If you want to encourage your kids or grandkids to get involved with growing, Claire has written a series of children’s books that do just that. Her characters, Lottie and Dottie sow carrots, sunflowers and pumpkins, and are just the thing to inspire the next generation of allotment growers.


Kohlrabi in basket from MuddyBootz
Nigel shows off his impressive kohlrabi harvest

Gardening for over twenty-five years, Nigel from MuddyBootz is a firm favourite in the horticultural YouTube space. With nearly 300 videos covering practical advice on everything from successional seed sowing, to planting winter onions and growing potatoes, this is a great channel for seasonal advice.

Have you ever grown kohlrabi? After leaving them slightly longer than anticipated, Nigel was amazed at how just one weekend of extra growing time made them swell in size! But they won’t go to waste. The bulb can be stored in a cool dark shed, and is delicious grated over summer salads. 

Agents of Field

Rhubarb and lime cheesecake
Enjoy allotment fruit with this rhubarb and lime cheesecake
Image: Agents of Field

After swapping their London allotment for life in rural Suffolk back in 2018, Sophie and Ade from Agents of Field are on a mission to live simply, eat seasonally and dine off the produce from their kitchen garden. Never shy to experiment, Ade is willing to try most crops, sharing a great post about how to grow romanesco after a few failed attempts. Perseverance has paid off, as it’s the only vegetable available to harvest in April. 

If you’re looking for something to serve with an autumnal cup of tea, just try this pumpkin and apple cake! And how about Sophie’s ‘plot pizza’? With freshly harvested green peppers, courgettes and homemade tomato sauce, this is a great way “to use up the last of the summer crops in one final, colourful burst of home-grown deliciousness!”

Alan’s Allotment -

Blue greenhouse with interior shades
This greenhouse shading is perfect for keeping young plants healthy
Image: Alan’s Allotment

Watering is not as simple as you first think, says Alan from ManVsSlug: “90% of health-related plant questions are due to watering, and of those, probably 90% are down to overwatering.” So before you start sowing and growing a new plant, check out Alan’s 7-point watering guide - one not to miss!

A structural engineer by trade, Alan is an allotment innovator with plenty of ideas to share.

How about turning your greenhouse into a TARDIS - a solution that not only makes your greenhouse look out of this world, but also provides much-needed shade to delicate plants and seedlings. Or if you’re looking for a solution to stop foxes from digging up your early potatoes, Alan suggests starting them in buckets and topping them with baking trays! 

Backyard Larder

Purple collard tree against blue sky
Despite being native to the American South, purple tree collard grows well in the UK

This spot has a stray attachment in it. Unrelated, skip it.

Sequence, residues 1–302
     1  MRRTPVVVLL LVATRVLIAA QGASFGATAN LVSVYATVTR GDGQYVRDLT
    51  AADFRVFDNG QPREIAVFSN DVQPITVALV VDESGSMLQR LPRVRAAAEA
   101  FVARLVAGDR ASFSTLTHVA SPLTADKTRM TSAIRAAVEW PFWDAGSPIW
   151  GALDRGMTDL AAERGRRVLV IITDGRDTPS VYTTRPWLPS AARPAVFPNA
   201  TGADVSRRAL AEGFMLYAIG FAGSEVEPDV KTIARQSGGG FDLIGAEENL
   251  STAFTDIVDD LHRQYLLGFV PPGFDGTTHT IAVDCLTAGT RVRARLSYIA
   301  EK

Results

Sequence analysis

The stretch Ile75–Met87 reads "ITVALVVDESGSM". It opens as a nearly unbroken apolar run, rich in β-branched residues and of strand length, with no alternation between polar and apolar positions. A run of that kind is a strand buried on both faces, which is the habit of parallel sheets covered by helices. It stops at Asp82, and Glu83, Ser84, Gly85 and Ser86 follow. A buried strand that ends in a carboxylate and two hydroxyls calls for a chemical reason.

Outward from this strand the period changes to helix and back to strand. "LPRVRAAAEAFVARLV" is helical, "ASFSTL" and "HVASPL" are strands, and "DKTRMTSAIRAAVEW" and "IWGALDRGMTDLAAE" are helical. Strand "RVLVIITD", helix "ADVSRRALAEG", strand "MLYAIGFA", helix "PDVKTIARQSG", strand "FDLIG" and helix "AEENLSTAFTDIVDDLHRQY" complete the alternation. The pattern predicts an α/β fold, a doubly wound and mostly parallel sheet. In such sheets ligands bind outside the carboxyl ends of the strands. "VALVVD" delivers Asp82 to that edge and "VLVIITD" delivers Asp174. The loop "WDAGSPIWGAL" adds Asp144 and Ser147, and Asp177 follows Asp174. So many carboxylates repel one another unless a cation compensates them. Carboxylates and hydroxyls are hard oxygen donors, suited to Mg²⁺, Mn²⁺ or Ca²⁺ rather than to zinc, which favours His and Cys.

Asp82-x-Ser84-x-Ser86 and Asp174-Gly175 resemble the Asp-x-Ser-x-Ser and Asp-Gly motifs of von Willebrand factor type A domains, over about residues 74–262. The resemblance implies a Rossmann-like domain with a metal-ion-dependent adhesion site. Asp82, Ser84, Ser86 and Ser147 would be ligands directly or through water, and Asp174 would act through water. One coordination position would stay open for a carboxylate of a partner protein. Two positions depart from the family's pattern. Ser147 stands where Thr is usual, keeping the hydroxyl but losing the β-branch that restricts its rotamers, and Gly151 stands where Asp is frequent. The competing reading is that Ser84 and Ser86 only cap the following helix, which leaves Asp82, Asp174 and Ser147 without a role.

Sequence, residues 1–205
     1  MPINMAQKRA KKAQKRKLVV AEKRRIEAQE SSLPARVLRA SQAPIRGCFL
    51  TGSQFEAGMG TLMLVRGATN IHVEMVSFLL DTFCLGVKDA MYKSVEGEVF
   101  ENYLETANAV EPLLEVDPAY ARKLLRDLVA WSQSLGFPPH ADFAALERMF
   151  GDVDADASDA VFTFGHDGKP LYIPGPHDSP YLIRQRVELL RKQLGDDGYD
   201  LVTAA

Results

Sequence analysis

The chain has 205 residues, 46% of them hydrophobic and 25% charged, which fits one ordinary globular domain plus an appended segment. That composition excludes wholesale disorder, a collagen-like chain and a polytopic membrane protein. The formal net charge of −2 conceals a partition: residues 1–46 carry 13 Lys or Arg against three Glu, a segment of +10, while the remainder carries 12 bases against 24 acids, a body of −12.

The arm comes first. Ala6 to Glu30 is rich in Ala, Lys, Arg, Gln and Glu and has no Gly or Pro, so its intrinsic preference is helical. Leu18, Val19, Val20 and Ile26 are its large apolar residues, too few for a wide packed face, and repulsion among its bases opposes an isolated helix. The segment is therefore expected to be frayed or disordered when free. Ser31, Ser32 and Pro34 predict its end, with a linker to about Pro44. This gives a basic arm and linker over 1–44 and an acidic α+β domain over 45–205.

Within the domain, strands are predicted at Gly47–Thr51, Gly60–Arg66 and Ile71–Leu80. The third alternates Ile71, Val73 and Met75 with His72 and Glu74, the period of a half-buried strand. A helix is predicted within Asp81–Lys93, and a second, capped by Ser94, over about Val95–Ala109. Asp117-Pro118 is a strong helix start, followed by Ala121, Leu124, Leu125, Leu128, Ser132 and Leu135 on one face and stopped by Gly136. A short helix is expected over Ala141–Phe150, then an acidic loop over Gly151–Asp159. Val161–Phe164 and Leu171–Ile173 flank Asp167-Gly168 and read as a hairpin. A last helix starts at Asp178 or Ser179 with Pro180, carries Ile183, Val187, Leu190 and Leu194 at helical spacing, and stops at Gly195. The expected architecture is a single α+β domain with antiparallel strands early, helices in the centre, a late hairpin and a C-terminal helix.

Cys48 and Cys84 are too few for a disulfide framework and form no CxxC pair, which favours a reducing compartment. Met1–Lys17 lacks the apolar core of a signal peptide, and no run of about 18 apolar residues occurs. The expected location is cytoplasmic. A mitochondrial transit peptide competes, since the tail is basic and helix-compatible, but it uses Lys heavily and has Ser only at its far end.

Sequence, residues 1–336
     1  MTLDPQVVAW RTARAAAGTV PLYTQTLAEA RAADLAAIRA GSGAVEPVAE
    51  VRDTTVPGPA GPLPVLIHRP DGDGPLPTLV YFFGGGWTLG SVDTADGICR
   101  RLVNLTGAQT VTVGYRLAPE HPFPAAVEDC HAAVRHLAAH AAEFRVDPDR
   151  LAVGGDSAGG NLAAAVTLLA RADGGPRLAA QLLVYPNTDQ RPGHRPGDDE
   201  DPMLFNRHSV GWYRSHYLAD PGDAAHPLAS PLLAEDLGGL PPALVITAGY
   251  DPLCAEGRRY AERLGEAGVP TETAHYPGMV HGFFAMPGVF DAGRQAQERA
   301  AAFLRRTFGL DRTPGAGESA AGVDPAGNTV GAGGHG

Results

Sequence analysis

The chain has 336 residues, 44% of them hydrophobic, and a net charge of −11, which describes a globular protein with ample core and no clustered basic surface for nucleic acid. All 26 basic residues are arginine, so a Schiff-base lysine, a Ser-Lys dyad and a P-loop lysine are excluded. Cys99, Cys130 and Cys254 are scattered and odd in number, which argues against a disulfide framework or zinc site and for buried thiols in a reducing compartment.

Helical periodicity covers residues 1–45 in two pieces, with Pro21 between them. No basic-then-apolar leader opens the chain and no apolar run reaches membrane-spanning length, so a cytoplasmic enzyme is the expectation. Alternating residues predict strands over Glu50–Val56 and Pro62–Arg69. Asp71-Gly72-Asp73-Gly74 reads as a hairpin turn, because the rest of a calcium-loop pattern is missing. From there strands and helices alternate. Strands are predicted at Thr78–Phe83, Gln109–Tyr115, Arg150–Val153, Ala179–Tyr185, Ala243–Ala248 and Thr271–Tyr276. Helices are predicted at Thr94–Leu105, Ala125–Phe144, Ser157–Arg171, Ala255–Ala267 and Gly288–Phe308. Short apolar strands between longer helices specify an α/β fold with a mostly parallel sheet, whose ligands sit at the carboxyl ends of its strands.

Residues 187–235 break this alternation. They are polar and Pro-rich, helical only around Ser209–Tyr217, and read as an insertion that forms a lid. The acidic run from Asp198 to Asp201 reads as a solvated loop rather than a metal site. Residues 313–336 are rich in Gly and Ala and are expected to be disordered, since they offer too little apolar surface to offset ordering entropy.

Image: Backyard Larder

Thinking about growing more perennial veg at your allotment? Check out The Backyard Larder blog by Alison Tindale. For the past few years, her whole plot has been dedicated to growing these easy vegetables. Requiring little feeding, she says “they’re often less hungry than annual vegetables because their deeper, more extensive root systems can mine more soil for food.

Growing purple tree collard? Read Alison’s advice before the cold weather kicks in. As she says, despite being hardy to around -6?, these perennials can still suffer if it dips slightly below their threshold. The moral of the story? “Take cuttings in late summer, and keep them under cover during the coldest weeks of the winter.

Erica’s Little Welsh Garden

No dig potato sprout in straw mulch
Erica has been trialling the ‘no dig’ growing method
Image: Shutterstock

Looking to transform your garden while saving money at the same time? Over at Erica’s Little Welsh Garden, Erica suggests making your own homemade nettle fertiliser rather than buying in loads of expensive compost to get started. It’s a thrifty tip that produces great results. 

After moving her family to a quiet home in the Welsh Valleys, Erica’s main goal is to become completely self-sufficient. Another step on her journey to growing more organically is to trial no-dig beds. Watch her video to see how she gets on. 

Naturally JB

Camera filming a vegetable plot
JB has been recording his allotment transformation on YouTube
Image: @naturally_jb

After taking on a completely wild and abandoned allotment in March 2020, JB started his YouTube journey to document the process of bringing it back to life. Naturally JB was born, and what a journey it has been!

How well do you know your onions? If you haven’t checked them in a while, take a leaf out of JB’s book and inspect them for early signs of ‘white rot’. His nerve-wracking harvesting video shows what to look for, and if you find it, what to do. He recommends harvesting the entire crop, even if it’s still on the small side. 

Have these allotmenteers inspired you to sign up for your own plot? If you’re just starting out, find out how to choose the best shed for your allotment to keep your tools safe and secure. Share your stories and pictures on the Waltons Facebook page - we love to see them!

Lead image: Shutterstock